New York City We Are Family
I will be running for mayor of New York City in 2021. I will be campaigning on themes that all our children can create and bringing a Green New Deal to New York City by building a culture for advanced manufacturing.
I am also currently helping a couple of high school students build a chess-playing robot to help expound on the fact that there is no conflict between science and the Bible.
Here’s what we call our golden rule
Have faith in you and the things you do
You won’t go wrong
New Book Coming Soon
And a lawyer stood up and put Him to the test, saying, “Teacher, what shall I do to inherit eternal life?”
And He said to him, “What is written in the Law? How does it read to you?”
And he answered, “YOU SHALL LOVE THE LORD YOUR GOD WITH ALL YOUR HEART, AND WITH ALL YOUR SOUL, AND WITH ALL YOUR STRENGTH, AND WITH ALL YOUR MIND; AND YOUR NEIGHBOR AS YOURSELF.”
And He said to him, “You have answered correctly; DO THIS AND YOU WILL LIVE.”
~ Luke 10 : 25 – 28
“Faith” has its etymological roots in the Greek pistis, “trust; commitment; loyalty; engagement.” Faith in God, therefore, is a trust in and loyal commitment to God. Belief in Christ is an engaged commitment to the call and ministry of Jesus; it is a commitment to do the gospel, to be a follower of Christ. In neither case are “belief” or “faith” a matter of intellectual assent.
We must develop business models that create good jobs.
If we don’t want poverty in our community, our businesses must pay living wages with decent benefits. And if we don’t want polluted air, water, and land, our businesses must behave in environmentally sustainable ways.
Ask, and it will be given to you;
Seek, and you will find;
Knock, and it will be opened to you.
~ Matthew 7:7
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A rough draft of Seven Magazine.
One major problem of economic opportunity in New York City is the lack of government contracting opportunities for Blacks and Latinos. While Blacks and Latinos make up about 54 percent of the New York City population, they only received 0.55 percent ($84.4 million) of the of the $5.3 billion in city contracts given out in fiscal year 2016, according to a report from Comptroller Scott Stringer.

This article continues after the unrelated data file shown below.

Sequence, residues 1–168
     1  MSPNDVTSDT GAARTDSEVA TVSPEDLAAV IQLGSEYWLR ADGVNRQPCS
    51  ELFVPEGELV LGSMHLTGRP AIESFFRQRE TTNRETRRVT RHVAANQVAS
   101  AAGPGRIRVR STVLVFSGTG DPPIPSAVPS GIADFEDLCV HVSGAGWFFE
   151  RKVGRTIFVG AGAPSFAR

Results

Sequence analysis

In November 2018, the unemployment rate was 3.7%. This is great but the problem is that millions of people are still unemployed or underemployed.
The African-American unemployment rate is 5.8% and for African-Americans 16 to 19 years, the unemployment rate is 19.7%.
Yet we need more than just jobs alone. We need good jobs. According to the Social Security Administration 51.4 percent of all Americans make less than $30,000 per year which is only slightly higher than the poverty guideline for a family of four of $24,250. 1 in 5 people in New York City live below the poverty level.
According to a Good Jobs First report, “Shortchanging Small Business: How Big Businesses Dominate State Economic Development Incentives:”
Small businesses account for a large share of the United States’ GDP. A subset of firms that are young and high-growth generate a large share of new jobs. Locally owned firms have been found to generate greater local economic ripple effects than chain establishments or other non-locally owned companies…. the Small Business Administration, for example, attributes almost half of private nonfarm GDP and almost two-thirds of net new private-sector jobs to what it calls small businesses.
[Yet a]cross the 16 programs in 14 states examined, large companies are receiving 80 to 96 percent of the subsidy dollars, and somewhat smaller but still very disproportionate shares of the deals (indicating that deals granted large businesses are more lucrative). Overall, big businesses received 90 percent of the $3.2 billion awarded, and 70 percent of the deals.
For example, in New York City, 80 percent of $82,471,363 in deals went to large firms.
Diesel Emissions from Buses are Killing Us
A report released earlier in April by New York City Environmental Justice Alliance found 75 percent of bus depots in New York City are located in communities of color. It noted that fossil-fuel-powered buses emit air pollution linked to respiratory distress, asthma and hospitalization for people of all ages.
“These communities have been overburdened by noxious emissions for too long,” Eddie Bautista, executive director of the New York City Environmental Justice Alliance, said in a statement. The announcement by the MTA “signals to us that the Authority has heard our call for a clean bus fleet. We are pleased to receive MTA’s commitment to zero emissions and applaud their efforts.”